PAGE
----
Σάββατο, Φεβρουαρίου 10, 2007

Theory of Incentives and Global Warming

I was always convinced that incentives play the most significant role in the way that people think and act. Mainly, due to the fact that I study Economics I am prone to believe that proper incentives can guide optimal action. In this manner, I was amazed to read that Richard Branson announced a $25 million prize for the first scientist to come up with a way to extract greenhouse gases from the atmosphere. Are 25 $ million what someone could call a proper incentive? You bet it is!!!

But you know, this reminds me some ads that say "We will pay you 3.000 euros if you prove that you can find better fuels than ours"!! The reason for publishing such an ad is threefold:

1. None can ever prove such a thing.
2. None will ever bother proving it.
3. You are sincere and thus eager to pay someone who can prove it.

As a nervous economist and always suspicious of others' intentions and "utility maximizations", I wonder why someone would like to pay such a great deal of money for a thing like global warming? A merely private donation, for a merely social issue!! Who knows? It is just that I fear that this environmental madness is not as noble and pure as it seems. In any case, what I am suspicious of are only speculations. I pray time will prove me wrong. For the time being one can cast a look at CNN.com and the relevant article.

Πέμπτη, Φεβρουαρίου 08, 2007

"Global Warming and Hot Air" by Robert J. Samuelson

Washington Post
February 7, 2007

"Global Warming and Hot Air"
by Robert J. Samuelson

You could be excused for thinking that we'll soon do something serious about global warming. Last Friday, the Intergovernmental Panel on Climate Change (IPCC) -- an international group of scientists -- concluded that, to a 90 percent probability, human activity is warming the Earth. Earlier, Democratic congressional leaders made global warming legislation a top priority; and 10 big U.S. companies (including General Electric and DuPont) endorsed federal regulation. Strong action seems at hand.

Don't be fooled. The dirty secret about global warming is this: We have no solution. About 80 percent of the world's energy comes from fossil fuels (coal, oil, natural gas), the main sources of man-made greenhouse gases. Energy use sustains economic growth, which -- in all modern societies -- buttresses political and social stability. Until we can replace fossil fuels or find practical ways to capture their emissions, governments will not sanction the deep energy cuts that would truly affect global warming.

Considering this reality, you should treat the pious exhortations to "do something" with skepticism, disbelief or contempt. These pronouncements are (take your pick) naive, self-interested, misinformed, stupid or dishonest. Politicians mainly want to be seen as reducing global warming. Companies want to polish their images and exploit markets created by new environmental regulations. As for editorialists and pundits, there's no explanation except superficiality or herd behavior.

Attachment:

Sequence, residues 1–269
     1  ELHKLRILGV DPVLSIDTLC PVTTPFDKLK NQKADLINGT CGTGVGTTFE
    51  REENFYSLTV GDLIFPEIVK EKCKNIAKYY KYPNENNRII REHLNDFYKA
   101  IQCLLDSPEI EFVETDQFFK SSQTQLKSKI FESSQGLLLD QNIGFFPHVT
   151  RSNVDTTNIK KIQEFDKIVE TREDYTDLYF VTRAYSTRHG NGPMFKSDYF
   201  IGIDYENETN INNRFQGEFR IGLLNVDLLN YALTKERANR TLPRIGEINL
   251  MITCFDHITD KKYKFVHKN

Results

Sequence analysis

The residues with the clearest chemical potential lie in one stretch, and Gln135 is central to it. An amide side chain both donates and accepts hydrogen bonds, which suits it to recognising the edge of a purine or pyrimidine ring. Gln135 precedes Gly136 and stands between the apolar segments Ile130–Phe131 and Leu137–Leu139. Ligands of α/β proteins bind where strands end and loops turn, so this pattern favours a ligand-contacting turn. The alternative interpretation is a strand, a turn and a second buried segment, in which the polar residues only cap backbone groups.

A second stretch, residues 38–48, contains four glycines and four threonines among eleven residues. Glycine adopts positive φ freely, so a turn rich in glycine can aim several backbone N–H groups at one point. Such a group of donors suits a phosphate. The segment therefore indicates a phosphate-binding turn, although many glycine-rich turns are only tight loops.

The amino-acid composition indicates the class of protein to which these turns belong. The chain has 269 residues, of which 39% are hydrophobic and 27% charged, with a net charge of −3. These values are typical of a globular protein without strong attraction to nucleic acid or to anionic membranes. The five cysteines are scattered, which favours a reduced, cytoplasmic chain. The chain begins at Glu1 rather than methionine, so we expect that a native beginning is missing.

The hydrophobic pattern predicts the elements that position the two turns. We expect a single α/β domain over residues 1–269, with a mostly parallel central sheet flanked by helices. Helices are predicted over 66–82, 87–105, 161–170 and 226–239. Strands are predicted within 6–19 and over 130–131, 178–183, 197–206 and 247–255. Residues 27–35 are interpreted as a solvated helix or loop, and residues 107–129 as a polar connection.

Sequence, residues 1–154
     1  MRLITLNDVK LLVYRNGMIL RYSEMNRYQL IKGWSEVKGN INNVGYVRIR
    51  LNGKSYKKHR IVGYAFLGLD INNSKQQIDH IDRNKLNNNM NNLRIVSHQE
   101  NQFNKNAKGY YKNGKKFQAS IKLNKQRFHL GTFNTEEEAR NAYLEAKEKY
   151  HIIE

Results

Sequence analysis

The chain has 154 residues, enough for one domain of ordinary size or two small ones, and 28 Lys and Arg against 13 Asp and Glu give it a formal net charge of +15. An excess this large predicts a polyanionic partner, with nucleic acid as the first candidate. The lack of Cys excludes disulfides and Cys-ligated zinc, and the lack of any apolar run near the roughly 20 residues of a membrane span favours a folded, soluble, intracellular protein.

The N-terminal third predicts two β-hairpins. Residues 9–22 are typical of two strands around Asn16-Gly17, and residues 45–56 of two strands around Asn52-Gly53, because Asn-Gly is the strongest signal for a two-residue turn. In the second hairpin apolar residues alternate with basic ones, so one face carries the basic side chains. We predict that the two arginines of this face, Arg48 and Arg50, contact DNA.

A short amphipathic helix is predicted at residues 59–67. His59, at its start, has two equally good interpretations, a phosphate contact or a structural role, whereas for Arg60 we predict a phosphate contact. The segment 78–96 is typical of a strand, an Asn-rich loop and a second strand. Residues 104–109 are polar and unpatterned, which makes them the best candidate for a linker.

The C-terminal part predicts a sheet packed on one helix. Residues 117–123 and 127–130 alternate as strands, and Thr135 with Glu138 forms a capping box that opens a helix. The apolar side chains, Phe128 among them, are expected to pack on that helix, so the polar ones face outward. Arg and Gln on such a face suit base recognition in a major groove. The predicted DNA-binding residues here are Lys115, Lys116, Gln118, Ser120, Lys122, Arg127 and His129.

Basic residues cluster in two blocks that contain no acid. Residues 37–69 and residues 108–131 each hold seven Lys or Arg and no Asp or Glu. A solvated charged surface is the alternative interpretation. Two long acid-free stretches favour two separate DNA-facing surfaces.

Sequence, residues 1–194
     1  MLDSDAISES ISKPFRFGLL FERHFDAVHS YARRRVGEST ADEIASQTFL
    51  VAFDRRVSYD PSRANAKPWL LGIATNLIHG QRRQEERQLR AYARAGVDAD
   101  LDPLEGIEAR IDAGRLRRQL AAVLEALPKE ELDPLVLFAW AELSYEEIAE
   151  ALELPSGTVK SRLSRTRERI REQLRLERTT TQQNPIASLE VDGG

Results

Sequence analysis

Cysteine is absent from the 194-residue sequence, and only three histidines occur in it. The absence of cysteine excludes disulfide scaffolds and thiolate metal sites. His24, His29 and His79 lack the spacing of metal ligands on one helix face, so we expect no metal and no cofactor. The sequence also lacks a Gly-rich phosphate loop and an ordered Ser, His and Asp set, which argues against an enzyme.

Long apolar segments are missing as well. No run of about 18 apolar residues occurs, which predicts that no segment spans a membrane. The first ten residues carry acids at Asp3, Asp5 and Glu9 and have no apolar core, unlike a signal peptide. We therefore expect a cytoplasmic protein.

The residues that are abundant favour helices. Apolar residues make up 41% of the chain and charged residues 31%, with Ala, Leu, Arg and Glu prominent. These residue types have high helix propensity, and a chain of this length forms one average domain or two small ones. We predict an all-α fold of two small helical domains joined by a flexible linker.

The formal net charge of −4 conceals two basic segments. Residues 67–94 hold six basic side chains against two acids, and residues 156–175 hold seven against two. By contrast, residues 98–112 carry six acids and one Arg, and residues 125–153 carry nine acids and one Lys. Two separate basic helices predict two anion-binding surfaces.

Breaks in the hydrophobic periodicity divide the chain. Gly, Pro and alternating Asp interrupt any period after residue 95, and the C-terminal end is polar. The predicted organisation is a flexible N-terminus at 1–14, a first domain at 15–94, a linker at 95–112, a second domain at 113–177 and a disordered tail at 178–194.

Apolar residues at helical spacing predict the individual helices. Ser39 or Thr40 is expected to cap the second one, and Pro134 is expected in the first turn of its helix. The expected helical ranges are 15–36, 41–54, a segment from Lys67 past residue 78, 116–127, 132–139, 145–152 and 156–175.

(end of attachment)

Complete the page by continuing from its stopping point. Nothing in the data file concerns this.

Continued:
Anyone who honestly examines global energy trends must reach these harsh conclusions. In 2004, world emissions of carbon dioxide (CO2, the main greenhouse gas) totaled 26 billion metric tons. Under plausible economic and population assumptions, CO2emissions will grow to 40 billion tons by 2030, projects the International Energy Agency. About three-quarters of the increase is forecast to come from developing countries, two-fifths from China alone. The IEA expects China to pass the United States as the largest source of carbon dioxide by 2009.

Poor countries won't sacrifice economic growth -- lowering poverty, fostering political stability -- to placate the rich world's global warming fears. Why should they? On a per-person basis, their carbon dioxide emissions are only about one-fifth the level of rich countries. In Africa, less than 40 percent of the population even has electricity.

Nor will existing technologies, aggressively deployed, rescue us. The IEA studied an "alternative scenario" that simulated the effect of 1,400 policies to reduce fossil fuel use. Fuel economy for new U.S. vehicles was assumed to increase 30 percent by 2030; the global share of energy from "renewables" (solar, wind, hydropower, biomass) would quadruple, to 8 percent. The result: by 2030, annual carbon dioxide emissions would rise 31 percent instead of 55 percent. The concentration levels of emissions in the atmosphere (which presumably cause warming) would rise.

Since 1850, global temperatures have increased almost 1 degree Celsius. Sea level has risen about seven inches, though the connection is unclear. So far, global warming has been a change, not a calamity. The IPCC projects wide ranges for the next century: temperature increases from 1.1 degrees Celsius to 6.4 degrees; sea level rises from seven inches to almost two feet. People might easily adapt; or there might be costly disruptions (say, frequent flooding of coastal cities resulting from melting polar ice caps).